4
$\begingroup$

We want to prove $$\lim_{n \to \infty}a_n=\lim_{n \to \infty}\frac{n}{\sqrt[n]{n!}}=e.$$

I have some solutions for this, but I want to find another method applying the squeeze theorem. Thus, a natrual thought is to find the upper bound and the lower bound of $a_n$.

Notice that $$e^x=1+x+\frac{x^2}{2!}+\cdots+\frac{x^n}{n!}+\cdots.$$ If we substitute $x$ for $n$, then $$e^n=1+n+\frac{n^2}{2!}+\cdots+\frac{n^n}{n!}+\cdots>\frac{n^n}{n!}.\tag1$$ Thus, we obtain $$e>\frac{n}{\sqrt[n]{n!}},$$ which shows $e$ is a upper bound of $a_n$.

But how to obtain the lower bound by $(1)$? Say it again. I have other methods to deal with it. I just wonder whether there is some method depending on $(1)$ only or not.

$\endgroup$
2
$\begingroup$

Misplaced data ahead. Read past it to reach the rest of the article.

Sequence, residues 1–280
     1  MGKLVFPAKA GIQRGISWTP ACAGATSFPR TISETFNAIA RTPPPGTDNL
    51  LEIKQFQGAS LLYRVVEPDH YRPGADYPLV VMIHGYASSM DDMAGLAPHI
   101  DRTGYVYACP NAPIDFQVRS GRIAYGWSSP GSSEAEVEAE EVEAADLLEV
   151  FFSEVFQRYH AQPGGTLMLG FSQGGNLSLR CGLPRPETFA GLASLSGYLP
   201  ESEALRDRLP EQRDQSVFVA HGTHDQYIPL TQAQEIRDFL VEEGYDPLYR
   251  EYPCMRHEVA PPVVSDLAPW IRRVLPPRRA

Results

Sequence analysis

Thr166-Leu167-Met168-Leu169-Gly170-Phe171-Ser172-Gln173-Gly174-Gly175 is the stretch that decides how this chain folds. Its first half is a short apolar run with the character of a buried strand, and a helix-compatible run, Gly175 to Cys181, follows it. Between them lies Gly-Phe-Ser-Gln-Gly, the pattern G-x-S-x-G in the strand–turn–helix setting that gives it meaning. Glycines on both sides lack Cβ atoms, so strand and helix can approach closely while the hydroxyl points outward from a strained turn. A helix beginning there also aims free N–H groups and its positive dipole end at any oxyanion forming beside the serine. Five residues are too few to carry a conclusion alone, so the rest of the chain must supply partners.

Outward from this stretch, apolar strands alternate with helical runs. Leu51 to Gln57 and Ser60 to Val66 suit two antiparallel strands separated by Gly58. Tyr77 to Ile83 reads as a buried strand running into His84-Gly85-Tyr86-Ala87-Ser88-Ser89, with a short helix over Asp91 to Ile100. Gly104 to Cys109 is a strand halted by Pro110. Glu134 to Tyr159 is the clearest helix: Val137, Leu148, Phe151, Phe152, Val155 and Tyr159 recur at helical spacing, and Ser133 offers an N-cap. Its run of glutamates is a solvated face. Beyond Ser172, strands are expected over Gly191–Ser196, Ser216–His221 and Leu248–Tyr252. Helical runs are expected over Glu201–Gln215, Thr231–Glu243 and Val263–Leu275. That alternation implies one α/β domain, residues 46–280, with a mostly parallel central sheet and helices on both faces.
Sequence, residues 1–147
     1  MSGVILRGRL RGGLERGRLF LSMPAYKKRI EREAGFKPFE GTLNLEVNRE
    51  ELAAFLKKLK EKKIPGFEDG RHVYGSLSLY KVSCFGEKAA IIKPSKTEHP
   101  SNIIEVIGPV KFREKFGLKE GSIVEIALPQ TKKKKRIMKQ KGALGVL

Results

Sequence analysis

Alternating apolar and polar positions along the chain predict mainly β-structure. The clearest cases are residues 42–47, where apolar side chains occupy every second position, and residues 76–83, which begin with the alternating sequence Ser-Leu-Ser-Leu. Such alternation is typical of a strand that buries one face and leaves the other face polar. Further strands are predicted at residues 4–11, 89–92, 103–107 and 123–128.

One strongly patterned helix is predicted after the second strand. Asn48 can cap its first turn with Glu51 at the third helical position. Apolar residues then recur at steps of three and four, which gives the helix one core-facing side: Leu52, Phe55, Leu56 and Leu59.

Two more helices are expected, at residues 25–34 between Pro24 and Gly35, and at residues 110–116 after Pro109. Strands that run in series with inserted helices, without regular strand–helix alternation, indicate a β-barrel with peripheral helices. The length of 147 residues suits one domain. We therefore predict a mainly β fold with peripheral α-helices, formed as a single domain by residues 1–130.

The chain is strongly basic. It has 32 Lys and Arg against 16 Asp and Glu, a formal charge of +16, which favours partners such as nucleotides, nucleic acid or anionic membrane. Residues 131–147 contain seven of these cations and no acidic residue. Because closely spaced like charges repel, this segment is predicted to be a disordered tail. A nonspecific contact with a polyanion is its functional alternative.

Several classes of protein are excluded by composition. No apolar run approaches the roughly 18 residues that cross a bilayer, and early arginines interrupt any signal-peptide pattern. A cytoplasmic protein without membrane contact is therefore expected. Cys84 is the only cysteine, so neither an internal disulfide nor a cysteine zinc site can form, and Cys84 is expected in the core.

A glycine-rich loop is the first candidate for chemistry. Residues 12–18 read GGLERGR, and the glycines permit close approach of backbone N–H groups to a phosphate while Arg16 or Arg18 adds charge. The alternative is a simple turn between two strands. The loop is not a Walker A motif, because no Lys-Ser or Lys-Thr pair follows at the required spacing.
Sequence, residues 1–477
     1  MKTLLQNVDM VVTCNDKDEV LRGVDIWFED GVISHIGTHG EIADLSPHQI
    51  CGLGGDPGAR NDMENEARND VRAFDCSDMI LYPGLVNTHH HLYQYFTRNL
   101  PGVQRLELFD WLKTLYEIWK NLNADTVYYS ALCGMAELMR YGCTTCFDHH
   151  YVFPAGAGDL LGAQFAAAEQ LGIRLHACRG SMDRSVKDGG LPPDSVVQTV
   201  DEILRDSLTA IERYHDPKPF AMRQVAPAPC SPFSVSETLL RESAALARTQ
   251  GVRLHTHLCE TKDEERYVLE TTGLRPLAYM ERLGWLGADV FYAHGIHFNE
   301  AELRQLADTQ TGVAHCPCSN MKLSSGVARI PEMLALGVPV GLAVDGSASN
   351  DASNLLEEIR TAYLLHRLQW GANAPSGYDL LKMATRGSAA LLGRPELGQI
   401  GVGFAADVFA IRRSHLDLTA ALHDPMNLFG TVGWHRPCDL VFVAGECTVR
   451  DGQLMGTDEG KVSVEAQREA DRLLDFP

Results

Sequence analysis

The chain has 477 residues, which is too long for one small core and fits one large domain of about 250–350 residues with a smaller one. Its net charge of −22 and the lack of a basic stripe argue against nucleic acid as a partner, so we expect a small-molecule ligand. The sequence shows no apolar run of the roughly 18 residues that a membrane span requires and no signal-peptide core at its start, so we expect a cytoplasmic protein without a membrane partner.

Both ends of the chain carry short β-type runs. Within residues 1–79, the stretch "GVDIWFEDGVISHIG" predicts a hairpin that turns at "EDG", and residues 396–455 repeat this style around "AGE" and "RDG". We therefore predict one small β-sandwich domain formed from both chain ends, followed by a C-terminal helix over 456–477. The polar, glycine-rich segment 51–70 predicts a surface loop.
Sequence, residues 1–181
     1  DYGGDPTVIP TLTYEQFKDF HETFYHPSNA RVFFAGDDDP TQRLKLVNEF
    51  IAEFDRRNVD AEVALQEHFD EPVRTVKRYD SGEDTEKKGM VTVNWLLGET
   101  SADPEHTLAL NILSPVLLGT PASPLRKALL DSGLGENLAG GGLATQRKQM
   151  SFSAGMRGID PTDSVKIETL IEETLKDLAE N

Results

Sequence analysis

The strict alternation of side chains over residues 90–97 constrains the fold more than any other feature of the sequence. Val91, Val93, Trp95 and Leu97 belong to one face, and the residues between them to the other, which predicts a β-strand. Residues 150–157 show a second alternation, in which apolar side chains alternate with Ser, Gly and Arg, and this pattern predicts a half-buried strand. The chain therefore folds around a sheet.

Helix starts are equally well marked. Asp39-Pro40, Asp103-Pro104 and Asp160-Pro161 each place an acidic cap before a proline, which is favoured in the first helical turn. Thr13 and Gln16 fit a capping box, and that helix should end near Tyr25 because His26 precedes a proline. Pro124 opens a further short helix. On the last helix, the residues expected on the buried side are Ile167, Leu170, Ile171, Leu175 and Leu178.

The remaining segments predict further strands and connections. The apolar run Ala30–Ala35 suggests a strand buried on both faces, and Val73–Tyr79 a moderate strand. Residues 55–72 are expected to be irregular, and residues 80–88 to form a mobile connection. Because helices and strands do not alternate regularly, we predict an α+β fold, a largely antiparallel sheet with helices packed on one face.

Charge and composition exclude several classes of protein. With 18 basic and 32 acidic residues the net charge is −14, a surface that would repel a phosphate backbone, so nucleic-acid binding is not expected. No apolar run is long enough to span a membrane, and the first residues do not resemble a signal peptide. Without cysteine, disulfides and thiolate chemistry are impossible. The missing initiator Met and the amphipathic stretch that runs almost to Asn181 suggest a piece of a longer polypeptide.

Yes, it can be done this way. Write again $e^n=\displaystyle\sum_{k=0}^{\infty}t_k$ with $t_k=\dfrac{n^k}{k!}$. Clearly, $t_k\leqslant t_n$ for all $k$.

Further, for $k>2n$ we have $t_k=t_{2n}\dfrac{n^{k-2n}}{(2n+1)\cdot\ldots\cdot k}< 2^{2n-k}t_{2n}\leqslant 2^{2n-k}t_n$ and thus $$e^n<(2n+1)t_n+t_n\sum_{k=2n+1}^{\infty}2^{2n-k}=(2n+2)t_n,$$ which gives you $a_n>e(2n+2)^{-1/n}\to e$ when $n\to\infty$.

$\endgroup$
  • $\begingroup$ thanks. I have found another method under your enlightenment. $\endgroup$ – mengdie1982 Oct 24 '18 at 5:33
1
$\begingroup$

\begin{align*} e^n&=1+n+\frac{n^2}{2!}+\cdots+\frac{n^n}{n!}+\cdots\\ &<(n+1)\cdot\frac{n^n}{n!}+\frac{n^n}{n!}\cdot\left[\frac{n}{n+1}+\frac{n^2}{(n+1)(n+2)}+\cdots\right]\\ &< (n+1)\cdot\frac{n^n}{n!}+\frac{n^n}{n!}\cdot\left[\frac{n}{n+1}+\frac{n^2}{(n+1)^2}+\cdots\right]\\ &=(n+1)\cdot\frac{n^n}{n!}+\frac{n^n}{n!}\cdot n\\ &=(2n+1)\cdot \frac{n^n}{n!}. \end{align*} Thus $$\frac{n}{\sqrt[n]{n!}}>\frac{e}{\sqrt[n]{2n+1}}.$$

$\endgroup$

Your Answer

By clicking “Post Your Answer”, you agree to our terms of service, privacy policy and cookie policy

Not the answer you're looking for? Browse other questions tagged or ask your own question.